Effects of Long Term Capital Gains Tax on Mutual Funds

The incumbent government in their latest budget has introduced the long-term capital gains (LTCG) tax on assets in the capital markets. The rate applicable is 10% on gains of Rs. 1 Lakh and higher. It shall apply to investments in listed equity shares and equity mutual fund units.

The introduction of this tax will affect mainly corporates and individuals. They account for 93% of the total Long-term capital gains tax reported by the Income-tax department.

What does this mean for investors in Mutual Funds?

– If you redeem your equity MF units, held for more than one year, before March 31, 2018, the tax rate applicable on LTCG shall be zero. As such, the new LTCG tax is effective for transactions done after March 31, 2018.

– LTCG on equity mutual fund units redeemed after March 31, 2018 will be exempt from tax up to Rs. 1 lakh per annum.

– All the gains up to January 31, 2018 will be grandfathered. For example, if a unit of mutual fund was purchased at NAV of Rs. 100 on June 1, 2017 and the NAV of the fund as on January 31, 2018 is Rs.125 and the units are redeemed on August 1, 2018 at NAV of Rs. 140, the total LTCG is Rs. 40, out of which Rs. 25 will be exempted. And balance LTCG of Rs. 15 will be taxable at 10%.

As a corollary, any units of an equity mutual fund purchased after January 31, 2018 are fully liable for LTCG tax at 10%.

A short summary of the tax applicable on mutual funds with regard to redemption and income is as under:

Fund Type Long term after Long term gains taxed at Short term gains taxed at Dividends taxed at
Equity funds (including ELSS) 1 year 10% with no indexation 15% 10%
Debt funds 3 years 20% after indexation Personal tax rate 25%
Liquid funds 3 years 20% after indexation Personal tax rate 25%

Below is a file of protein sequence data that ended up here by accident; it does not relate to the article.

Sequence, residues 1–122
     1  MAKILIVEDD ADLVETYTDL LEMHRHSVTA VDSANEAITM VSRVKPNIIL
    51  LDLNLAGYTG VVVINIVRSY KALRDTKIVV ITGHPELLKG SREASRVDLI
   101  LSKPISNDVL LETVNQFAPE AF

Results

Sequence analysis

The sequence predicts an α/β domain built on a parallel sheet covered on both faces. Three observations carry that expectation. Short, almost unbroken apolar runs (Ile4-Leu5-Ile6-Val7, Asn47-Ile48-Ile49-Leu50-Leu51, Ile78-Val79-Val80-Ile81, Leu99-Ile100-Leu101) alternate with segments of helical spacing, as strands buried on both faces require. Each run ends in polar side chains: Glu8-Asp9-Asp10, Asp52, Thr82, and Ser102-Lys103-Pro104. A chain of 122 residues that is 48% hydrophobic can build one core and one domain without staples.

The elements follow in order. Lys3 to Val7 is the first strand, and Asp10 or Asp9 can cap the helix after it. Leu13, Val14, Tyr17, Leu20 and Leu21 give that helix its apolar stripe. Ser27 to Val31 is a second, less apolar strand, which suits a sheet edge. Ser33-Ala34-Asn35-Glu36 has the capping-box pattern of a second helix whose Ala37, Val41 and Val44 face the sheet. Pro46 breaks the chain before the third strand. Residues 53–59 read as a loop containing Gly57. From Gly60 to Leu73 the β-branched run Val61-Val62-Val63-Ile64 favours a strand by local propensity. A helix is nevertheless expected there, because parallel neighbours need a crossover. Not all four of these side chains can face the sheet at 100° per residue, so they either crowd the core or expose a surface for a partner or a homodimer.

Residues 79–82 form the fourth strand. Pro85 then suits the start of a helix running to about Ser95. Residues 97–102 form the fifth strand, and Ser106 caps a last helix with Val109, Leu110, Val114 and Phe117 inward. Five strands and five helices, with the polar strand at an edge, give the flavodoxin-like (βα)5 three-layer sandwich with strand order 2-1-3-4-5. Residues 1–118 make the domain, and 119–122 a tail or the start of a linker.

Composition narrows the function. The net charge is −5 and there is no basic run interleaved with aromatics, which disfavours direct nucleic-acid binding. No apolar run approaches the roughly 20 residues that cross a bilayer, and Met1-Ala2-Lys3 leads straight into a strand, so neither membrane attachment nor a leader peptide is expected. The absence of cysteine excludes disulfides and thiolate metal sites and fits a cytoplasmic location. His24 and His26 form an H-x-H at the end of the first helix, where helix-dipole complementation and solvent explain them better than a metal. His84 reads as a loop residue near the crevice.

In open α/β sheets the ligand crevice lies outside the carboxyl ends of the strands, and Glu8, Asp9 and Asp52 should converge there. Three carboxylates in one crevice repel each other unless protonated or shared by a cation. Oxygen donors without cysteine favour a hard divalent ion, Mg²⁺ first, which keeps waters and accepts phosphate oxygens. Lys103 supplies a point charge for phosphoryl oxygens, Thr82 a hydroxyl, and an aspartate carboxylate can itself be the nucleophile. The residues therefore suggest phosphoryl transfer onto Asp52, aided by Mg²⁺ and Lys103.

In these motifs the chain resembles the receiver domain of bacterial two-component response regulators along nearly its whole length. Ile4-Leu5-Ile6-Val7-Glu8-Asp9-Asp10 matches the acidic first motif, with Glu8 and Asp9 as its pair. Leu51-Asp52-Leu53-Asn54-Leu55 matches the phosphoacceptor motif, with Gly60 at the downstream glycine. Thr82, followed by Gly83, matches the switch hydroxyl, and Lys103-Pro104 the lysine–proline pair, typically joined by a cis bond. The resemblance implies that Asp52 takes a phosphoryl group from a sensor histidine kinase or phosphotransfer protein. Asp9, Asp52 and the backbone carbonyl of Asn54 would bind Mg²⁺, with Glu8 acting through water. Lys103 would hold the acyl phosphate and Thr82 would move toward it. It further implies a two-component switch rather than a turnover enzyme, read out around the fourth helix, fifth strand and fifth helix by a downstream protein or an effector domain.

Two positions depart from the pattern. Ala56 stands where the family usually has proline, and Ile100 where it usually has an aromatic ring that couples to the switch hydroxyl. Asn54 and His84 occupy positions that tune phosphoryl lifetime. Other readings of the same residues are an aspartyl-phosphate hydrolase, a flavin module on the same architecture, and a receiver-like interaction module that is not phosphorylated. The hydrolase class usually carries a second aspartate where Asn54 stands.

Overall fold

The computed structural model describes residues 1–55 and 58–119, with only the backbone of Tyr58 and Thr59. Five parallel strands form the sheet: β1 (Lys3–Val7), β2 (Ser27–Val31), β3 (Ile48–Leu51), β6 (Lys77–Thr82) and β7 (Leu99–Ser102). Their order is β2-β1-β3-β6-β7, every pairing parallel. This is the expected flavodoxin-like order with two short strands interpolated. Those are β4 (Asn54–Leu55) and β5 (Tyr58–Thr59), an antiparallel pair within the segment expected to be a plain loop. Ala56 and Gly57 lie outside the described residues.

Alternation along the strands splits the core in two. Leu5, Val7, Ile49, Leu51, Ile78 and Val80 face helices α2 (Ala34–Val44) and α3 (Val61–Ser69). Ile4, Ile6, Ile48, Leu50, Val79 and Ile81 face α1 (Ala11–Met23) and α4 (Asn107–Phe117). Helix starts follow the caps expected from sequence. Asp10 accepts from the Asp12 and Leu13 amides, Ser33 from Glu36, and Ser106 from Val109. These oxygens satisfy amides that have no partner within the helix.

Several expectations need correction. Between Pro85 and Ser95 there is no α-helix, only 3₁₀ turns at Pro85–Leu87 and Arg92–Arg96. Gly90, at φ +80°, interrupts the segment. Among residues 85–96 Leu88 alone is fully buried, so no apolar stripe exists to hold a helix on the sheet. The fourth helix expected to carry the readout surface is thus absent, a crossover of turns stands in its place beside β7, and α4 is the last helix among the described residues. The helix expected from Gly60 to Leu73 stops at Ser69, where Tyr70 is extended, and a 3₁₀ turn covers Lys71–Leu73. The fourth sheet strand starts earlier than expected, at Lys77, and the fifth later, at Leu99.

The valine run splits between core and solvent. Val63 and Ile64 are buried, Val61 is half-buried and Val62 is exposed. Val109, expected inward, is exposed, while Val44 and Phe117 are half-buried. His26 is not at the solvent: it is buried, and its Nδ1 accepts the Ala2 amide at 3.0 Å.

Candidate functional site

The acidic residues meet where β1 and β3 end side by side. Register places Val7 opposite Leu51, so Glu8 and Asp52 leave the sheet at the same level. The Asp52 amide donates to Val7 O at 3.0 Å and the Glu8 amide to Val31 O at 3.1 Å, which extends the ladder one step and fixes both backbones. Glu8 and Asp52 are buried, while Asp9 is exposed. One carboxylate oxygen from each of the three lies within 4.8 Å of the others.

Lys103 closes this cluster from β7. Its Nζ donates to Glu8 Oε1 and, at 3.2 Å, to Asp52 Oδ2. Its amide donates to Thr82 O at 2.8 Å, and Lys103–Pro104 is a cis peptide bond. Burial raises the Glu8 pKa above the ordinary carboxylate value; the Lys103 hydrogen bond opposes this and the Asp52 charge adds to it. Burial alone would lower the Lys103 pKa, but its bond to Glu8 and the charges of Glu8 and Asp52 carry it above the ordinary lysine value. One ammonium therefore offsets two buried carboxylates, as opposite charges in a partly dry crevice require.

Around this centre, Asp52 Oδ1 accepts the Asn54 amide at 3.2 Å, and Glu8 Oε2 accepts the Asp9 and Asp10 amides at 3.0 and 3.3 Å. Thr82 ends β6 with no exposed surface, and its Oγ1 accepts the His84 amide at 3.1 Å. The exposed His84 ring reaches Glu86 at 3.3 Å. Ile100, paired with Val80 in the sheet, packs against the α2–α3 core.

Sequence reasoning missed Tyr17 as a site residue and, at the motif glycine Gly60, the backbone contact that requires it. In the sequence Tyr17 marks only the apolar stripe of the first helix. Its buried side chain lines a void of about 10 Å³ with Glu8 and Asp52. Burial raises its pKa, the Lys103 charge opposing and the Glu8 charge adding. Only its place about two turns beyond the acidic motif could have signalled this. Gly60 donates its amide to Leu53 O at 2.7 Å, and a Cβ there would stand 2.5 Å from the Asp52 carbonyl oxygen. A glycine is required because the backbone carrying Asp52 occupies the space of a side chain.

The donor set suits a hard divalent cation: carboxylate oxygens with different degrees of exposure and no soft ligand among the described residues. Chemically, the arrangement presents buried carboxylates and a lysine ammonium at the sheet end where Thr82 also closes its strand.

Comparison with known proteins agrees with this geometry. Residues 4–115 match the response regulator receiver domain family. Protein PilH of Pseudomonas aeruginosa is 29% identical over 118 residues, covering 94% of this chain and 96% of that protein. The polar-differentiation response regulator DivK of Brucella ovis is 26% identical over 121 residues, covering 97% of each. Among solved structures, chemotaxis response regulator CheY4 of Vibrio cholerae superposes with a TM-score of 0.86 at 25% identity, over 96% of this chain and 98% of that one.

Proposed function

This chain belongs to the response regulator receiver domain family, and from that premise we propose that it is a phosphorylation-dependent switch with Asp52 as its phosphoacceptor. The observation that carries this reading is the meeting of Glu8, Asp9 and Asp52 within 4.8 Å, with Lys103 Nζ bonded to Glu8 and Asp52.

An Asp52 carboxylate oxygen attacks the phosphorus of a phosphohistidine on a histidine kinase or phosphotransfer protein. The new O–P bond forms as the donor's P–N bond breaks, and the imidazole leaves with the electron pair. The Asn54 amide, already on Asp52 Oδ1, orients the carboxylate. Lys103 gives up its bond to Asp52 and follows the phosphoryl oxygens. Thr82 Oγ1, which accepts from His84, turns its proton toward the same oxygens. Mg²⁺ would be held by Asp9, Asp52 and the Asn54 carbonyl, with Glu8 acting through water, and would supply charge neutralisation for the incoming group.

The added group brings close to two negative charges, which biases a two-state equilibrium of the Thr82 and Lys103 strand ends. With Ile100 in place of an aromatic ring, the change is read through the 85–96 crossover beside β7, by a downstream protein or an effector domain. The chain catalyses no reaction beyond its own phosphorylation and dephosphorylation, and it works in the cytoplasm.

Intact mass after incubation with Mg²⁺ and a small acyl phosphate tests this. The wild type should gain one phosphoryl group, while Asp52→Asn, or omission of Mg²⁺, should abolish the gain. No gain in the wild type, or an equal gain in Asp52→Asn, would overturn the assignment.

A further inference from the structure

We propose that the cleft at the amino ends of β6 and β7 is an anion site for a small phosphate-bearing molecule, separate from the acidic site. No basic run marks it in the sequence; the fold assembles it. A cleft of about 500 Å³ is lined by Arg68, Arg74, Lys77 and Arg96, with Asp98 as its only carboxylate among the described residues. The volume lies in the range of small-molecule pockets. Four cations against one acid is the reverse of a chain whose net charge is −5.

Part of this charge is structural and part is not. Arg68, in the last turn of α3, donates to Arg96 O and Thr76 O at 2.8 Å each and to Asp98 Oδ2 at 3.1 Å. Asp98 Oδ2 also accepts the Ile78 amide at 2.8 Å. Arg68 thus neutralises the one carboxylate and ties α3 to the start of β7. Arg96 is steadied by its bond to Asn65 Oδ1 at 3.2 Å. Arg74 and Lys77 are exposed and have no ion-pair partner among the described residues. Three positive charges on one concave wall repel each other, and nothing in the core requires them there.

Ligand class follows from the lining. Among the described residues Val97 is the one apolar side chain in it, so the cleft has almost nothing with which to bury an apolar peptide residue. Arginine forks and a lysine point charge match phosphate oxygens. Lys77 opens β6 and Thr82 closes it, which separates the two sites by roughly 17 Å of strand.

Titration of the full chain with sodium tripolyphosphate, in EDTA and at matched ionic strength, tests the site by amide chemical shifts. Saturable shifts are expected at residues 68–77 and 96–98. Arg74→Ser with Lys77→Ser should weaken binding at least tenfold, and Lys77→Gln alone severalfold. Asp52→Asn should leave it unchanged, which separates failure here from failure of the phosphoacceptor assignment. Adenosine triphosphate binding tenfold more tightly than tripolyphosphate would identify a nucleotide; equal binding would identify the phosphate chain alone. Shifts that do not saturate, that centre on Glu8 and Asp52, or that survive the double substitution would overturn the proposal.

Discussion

Arbitrage funds 1 year 10% with no indexation 15% 10%
Balanced funds 1 year 10% with no indexation 15% 10%
Monthly income plan 3 years 20% after indexation Personal tax rate 25%

Is the tax justified by the government?

India has been relatively liberal with their LTCG tax policy on securities compared to almost all the other major nations.

Capital Gains Tax on Equities across major countries

Country STCG LTCG Holding period for LTCG
USA As per slab 20%* 1 year
India 15% 10%^ 1 year
UK N/A 28%** No distinction with LTCG
Australia As per slab As per slab Same as income tax
Canada As per slab As per slab^^ N/A

*For the highest tax slab. Taxes go from 0% to 20% depending on the tax slab.
^With gains up to 31st January 2018, grandfathered
**For highest slab. Capital gains allowance of GBP 11,300 given.
^^50% of gain exempted.

Countries that have zero tax on capital gains tend to be those that specifically set out to use it to attract FIIs, for example, Singapore, as well as other tax havens. Back in 2005, India’s zero-rating of such tax could also be seen as a tactical move to attract FII investments. However, India’s growth story amongst the emerging markets is attractive enough for FIIs for investing.

However, the tax is inequitable in that assets held for 2 years or 20 years are taxed at the rate of 10% without taking into account the effect of inflation. It is essential that government should allow benefits of indexation for LTCG.


Being an investor in the Indian equities, it is not advisable to abandon the equity markets merely due to a reintroduction of a tax on LTCG. The return expectations of the equity markets will not change considerably enough for an investor to change asset allocations to another asset class, i.e. FDs, real estate.

An investor may be able to plan and take advantage of the basic Rs. 1 Lakh exemption to reduce the tax outgo.

It is important to only take on as much risk as you are comfortable with. It would be advisable to consult your independent financial advisor to seek the best course of action.

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